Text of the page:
Ken Moodie continues to progress heathland restoration work at Pleasington

  • Pleasington
    Peter Bedford

    The latest work at Pleasington included reshaping the landing area on the par-five seventh hole. Trees have since been cleared from the bank between the two levels

  • Pleasington
    Peter Bedford

    Architect Ken Moodie created a flatter right section of the fairway to provide a better landing area for the shorter hitter

  • Pleasington
    Peter Bedford

    New bunkering on the second hole, which was remodelled in 2020

Alice Chambers
By Alice Chambers

Ken Moodie has completed another phase of work at Pleasington Golf Club in Blackburn, England, as part of a six-year project to remodel all bunkers and restore the heathland character of the landscape.

Work completed at the end of 2021 has included a transformation of the par-five seventh.

“The first 220 yards of the fairway sloped steeply from left to right and balls landing on the left edge of it would run into the rough on the right-hand side,” said Moodie. “The longer hitter was able to reach flatter ground further along the plateau, where their view to the green was blocked by the growth of trees on the intervening slope, or could attempt to run their ball down a chute which led to the lower fairway but at a high level of risk.

“We created a flatter right section for the start of the fairway, to provide a better landing area for the shorter hitter, by bringing in fill from lowering the ninth fairway, and a better view for the longer hitter by clearing trees from the bank. This bank will now be managed as heathland rough.”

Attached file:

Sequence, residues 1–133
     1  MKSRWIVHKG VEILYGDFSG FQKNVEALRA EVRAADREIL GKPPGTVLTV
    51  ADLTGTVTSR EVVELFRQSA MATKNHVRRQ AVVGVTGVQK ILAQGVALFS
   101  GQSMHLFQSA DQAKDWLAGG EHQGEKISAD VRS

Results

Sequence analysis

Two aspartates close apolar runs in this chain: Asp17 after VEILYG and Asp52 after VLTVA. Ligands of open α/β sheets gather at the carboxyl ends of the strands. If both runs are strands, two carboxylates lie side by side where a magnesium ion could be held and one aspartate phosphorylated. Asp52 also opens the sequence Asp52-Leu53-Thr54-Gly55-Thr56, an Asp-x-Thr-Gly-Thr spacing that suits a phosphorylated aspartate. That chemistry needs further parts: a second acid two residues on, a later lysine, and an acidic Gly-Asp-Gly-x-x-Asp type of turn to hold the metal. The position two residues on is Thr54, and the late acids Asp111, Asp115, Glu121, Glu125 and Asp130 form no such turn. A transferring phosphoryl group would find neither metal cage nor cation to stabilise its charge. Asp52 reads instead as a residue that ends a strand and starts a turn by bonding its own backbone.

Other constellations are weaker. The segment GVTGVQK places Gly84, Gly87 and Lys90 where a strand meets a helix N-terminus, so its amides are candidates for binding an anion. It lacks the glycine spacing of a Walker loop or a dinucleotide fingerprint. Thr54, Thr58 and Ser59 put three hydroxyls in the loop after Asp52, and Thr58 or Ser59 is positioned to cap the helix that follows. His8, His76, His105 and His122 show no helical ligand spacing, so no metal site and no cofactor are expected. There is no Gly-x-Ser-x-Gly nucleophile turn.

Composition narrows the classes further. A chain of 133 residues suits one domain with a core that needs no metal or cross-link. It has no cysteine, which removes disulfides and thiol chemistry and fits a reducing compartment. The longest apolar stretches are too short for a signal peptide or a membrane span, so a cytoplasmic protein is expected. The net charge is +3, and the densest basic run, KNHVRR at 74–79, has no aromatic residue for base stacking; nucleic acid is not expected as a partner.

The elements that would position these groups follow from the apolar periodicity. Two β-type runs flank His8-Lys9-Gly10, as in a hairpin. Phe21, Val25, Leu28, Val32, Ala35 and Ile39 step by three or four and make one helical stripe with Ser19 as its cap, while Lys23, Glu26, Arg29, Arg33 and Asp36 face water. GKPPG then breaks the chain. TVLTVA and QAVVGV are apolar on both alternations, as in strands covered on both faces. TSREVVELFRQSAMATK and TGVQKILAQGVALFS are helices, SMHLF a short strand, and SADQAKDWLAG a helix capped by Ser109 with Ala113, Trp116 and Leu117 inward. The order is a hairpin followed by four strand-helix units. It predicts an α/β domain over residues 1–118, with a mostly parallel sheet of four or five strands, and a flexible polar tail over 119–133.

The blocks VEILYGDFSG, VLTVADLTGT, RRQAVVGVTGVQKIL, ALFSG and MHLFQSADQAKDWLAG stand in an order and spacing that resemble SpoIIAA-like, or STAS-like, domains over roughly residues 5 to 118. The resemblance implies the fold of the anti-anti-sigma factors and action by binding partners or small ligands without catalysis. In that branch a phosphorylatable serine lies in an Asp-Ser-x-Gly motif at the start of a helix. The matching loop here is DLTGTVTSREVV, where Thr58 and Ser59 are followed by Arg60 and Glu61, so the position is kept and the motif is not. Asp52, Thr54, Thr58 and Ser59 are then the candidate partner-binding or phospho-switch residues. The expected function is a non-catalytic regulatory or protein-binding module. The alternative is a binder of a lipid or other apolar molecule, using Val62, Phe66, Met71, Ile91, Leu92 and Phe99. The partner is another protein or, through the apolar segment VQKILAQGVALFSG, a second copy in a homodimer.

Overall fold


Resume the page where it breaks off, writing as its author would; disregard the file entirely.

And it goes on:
Extensive remodelling work on the par-three eighth hole  has included relaying and enlarging the tees, opening up a view of an historic viaduct to the right of the green and replacing bracken on the bank beyond the green with heather and fescue turf.

“The area in front of the green used to fall away quite steeply which meant that a ball which came up a little short would often run back down the hill,” said Moodie. “In addition to remodelling the bunkers, we have created a plateau to catch a ball which does not quite reach the green.”

The ninth hole, which previously played over a ridge to a hidden fairway, has been remodelled too. “We have saddled the start of the fairway and brought it back 10-20 yards, to provide a more attractive tee shot and more manageable challenge,” said Moodie. “The tees have been rebuilt, and the white tee raised, to improve the view to the fairway. A new red tee has been built on the side of the ridge to the far side of the dip to provide a better view and a fairer tee shot for the shorter hitter. The left greenside bunker has been remodelled and a small one added on the right side of the green.”

Ongoing woodland management has also seen the removal of invasive species of trees in order to highlight the oak trees and restore the heathland character of the course.

Bunkers throughout the course are being rebuilt. A soil-stabilising product has been used to line the bunkers, using fine sand from a small quarry on the course to create a shell of protection from stones and burrowing animals.

The latest work represents the half-way mark in the project, with holes one to three, seven to nine and twelve, sixteen and eighteen all now complete.

“The project has gone extremely well and the responses have been very positive,” said Moodie. “The greenkeeping team works very hard to achieve the vision and club has the tag-line ‘good to great’ for the project. The golf course was already well respected in the area but it was in need of major renovation to reach its true potential.”